> > The most common problem's I've seen in storms are:
                        > >
                        > > Shredded roller furling headsail
                        > > Broken steering gear due to swinging and rolling on a mooring
                        > > Broken travelers from booms swinging
                        > > Boats with mooring pennants chafed through
                        > > Mainsails climbing the mast because they lacked a sail tie
                        through
                        > > the
                        > > headboard and the cover came off
                        > > And of course smaller motor boats flipped or swamped by big seas
                        > >
                        > > Can anyone add to or correct this list? It is my recollection
                        from
                        > > watching boats on moorings.
                        > >
                        > > David
                        > >
                        > > john kalinowski wrote:
                        > > >
                        > > >
                        > > > Besides a line around the mainsail (better to remove the
                        mainsail),
                        > > one
                        > > > should always have a preventer on their furling headsail. It is
                        > > nothing
                        > > > more than a sail tie looped twice around with a secure knot.
                        Bonus
                        > > > points for going through the clue. That way even if the
                        furling
                        > > line
                        > > > let go, the sail cannot unroll.
                        > > >
                        > > > I have seen a new $6,000 sail shreded because this was not
                        done.
                        > > > Worst part is most insurance policies do not cover sails, so
                        this
                        > > piece
                        > > > of line or webbing is your insurance... It is done
                        automatically
                        > > as
                        > > > soon as the mooring pendents are in their cleats on my boat.
                        > > >
                        > > > john
                        > > >
                        > > > */gmuller22 <gmuller22@...>/* wrote:
                        > > >
                        > > > Grant, they are predicting 20-25 kts steady SE winds with
                        gusts
                        > > to
                        > > > 35 kts. in your area. This is no worse than any typical
                        coastal
                        > > > storm and will pass fairly quickly. If you're concerned
                        about
                        > > your
                        > > > boat I suggest you make sure your hatches are closed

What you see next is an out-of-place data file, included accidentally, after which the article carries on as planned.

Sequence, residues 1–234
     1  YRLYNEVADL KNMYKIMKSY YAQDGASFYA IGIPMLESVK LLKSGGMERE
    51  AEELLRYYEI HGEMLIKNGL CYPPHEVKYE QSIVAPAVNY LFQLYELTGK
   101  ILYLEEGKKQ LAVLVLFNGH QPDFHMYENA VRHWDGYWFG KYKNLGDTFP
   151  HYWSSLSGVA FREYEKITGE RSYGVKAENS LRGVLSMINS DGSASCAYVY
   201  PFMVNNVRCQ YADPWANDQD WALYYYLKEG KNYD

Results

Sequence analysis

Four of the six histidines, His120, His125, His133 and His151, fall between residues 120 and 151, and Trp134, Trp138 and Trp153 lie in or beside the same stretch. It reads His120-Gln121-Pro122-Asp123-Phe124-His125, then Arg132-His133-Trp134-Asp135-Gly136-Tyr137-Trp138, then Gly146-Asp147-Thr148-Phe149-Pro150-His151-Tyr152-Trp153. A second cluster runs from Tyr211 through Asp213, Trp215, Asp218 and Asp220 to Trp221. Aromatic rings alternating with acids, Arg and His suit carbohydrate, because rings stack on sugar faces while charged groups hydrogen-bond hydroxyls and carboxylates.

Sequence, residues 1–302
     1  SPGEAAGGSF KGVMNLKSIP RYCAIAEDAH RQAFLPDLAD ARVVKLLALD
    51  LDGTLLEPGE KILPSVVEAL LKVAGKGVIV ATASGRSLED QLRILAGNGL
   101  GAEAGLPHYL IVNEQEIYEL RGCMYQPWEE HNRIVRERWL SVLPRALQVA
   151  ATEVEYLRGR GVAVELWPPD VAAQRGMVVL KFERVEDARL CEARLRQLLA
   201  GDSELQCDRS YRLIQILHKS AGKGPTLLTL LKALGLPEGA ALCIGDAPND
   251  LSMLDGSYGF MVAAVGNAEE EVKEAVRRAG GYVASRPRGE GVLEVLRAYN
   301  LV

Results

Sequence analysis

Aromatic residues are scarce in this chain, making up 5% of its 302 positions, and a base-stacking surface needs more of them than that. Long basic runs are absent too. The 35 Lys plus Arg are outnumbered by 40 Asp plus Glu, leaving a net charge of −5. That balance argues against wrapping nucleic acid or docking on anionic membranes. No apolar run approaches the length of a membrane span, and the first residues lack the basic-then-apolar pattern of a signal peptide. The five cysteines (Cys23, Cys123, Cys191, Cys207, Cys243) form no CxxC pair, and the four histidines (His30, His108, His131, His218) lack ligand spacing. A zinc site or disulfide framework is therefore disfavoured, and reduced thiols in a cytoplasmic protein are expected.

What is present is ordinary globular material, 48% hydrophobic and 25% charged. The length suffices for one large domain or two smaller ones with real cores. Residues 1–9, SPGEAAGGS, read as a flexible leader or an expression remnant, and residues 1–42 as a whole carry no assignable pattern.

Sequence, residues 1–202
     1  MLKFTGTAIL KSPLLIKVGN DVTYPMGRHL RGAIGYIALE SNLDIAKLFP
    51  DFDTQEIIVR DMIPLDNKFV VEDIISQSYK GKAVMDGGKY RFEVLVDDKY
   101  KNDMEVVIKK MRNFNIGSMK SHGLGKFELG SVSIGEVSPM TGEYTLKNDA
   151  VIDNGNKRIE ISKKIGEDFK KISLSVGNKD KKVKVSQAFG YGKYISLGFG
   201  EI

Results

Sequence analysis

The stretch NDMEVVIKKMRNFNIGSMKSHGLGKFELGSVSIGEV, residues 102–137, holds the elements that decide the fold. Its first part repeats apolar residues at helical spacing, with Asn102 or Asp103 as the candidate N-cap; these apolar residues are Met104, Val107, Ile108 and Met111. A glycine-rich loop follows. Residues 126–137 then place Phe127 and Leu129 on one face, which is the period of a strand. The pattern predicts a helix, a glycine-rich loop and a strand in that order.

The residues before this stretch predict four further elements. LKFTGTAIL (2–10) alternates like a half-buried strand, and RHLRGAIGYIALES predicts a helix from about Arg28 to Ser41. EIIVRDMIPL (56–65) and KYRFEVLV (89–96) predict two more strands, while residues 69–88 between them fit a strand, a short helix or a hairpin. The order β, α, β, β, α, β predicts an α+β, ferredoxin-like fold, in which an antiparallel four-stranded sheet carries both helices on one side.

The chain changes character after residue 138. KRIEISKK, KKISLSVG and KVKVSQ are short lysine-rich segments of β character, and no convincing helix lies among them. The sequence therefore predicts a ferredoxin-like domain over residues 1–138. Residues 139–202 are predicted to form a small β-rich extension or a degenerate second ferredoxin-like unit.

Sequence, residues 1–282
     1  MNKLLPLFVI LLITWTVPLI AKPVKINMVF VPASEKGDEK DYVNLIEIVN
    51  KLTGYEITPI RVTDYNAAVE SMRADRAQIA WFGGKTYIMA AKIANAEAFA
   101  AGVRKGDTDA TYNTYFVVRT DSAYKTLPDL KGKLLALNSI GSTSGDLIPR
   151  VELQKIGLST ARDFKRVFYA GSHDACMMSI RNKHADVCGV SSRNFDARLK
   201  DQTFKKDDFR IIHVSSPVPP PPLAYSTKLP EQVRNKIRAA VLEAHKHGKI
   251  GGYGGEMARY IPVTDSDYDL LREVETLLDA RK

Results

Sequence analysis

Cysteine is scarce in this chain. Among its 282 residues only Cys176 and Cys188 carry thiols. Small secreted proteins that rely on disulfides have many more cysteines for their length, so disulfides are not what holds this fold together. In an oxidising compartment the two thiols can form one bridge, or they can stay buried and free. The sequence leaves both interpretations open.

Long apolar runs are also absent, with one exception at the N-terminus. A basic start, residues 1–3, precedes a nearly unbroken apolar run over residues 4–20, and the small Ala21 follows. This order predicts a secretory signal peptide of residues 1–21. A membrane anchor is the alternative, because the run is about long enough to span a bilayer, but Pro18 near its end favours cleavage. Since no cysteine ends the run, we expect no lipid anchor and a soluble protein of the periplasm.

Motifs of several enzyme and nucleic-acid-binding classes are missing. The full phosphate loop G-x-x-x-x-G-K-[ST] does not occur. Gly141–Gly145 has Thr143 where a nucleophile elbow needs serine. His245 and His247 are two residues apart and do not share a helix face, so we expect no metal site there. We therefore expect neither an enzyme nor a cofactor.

tightly,
                        > > lines
                        > > > are properly secured (put on a few more if you can, it
                        can't
                        > > hurt)
                        > > > and that your fully fendered. Put a few more turns on your
                        > > furled
                        > > > sail and wrap a rope around your entire mainsail cover and
                        that
                        > > > should just about do it. If you're on a mooring you might
                        want
                        > > to
                        > > > make sure your mooring lines are sufficiently chafe
                        guarded.
                        > > >
                        > > > --- In Sabresailboat@yahoogroups.com
                        > > > <mailto: Sabresailboat%40yahoogroups.com>, Grant Woodside
                        > > > <gewoodsiii@> wrote:
                        > > > >
                        > > > > Do you have an opinion about pulling for Ernesto in the
                        > > Annapolis
                        > > > area?
                        > > > >
                        > > > > Grant
                        > > > >
                        > > >
                        > > >
                        > > >
                        > >
                        > ----------------------------------------------------------
                        -----
                        > > > Yahoo! Messenger with Voice. Make PC-to-Phone Calls
                        > > >
                        > >
                        >
                        <http://us.rd.yahoo.com/mail_us/taglines/postman1/*http://us.rd.yahoo
                        .com/evt=39663/*http://voice.yahoo.com>
                        > >
                        > > > to the US (and 30+ countries) for 2¢/min or less.
                        > > >
                        > > >
                        > >
                        > >
                        > >
                        > > --
                        > > David
                        > > Atlantea, Sabre 38 MKII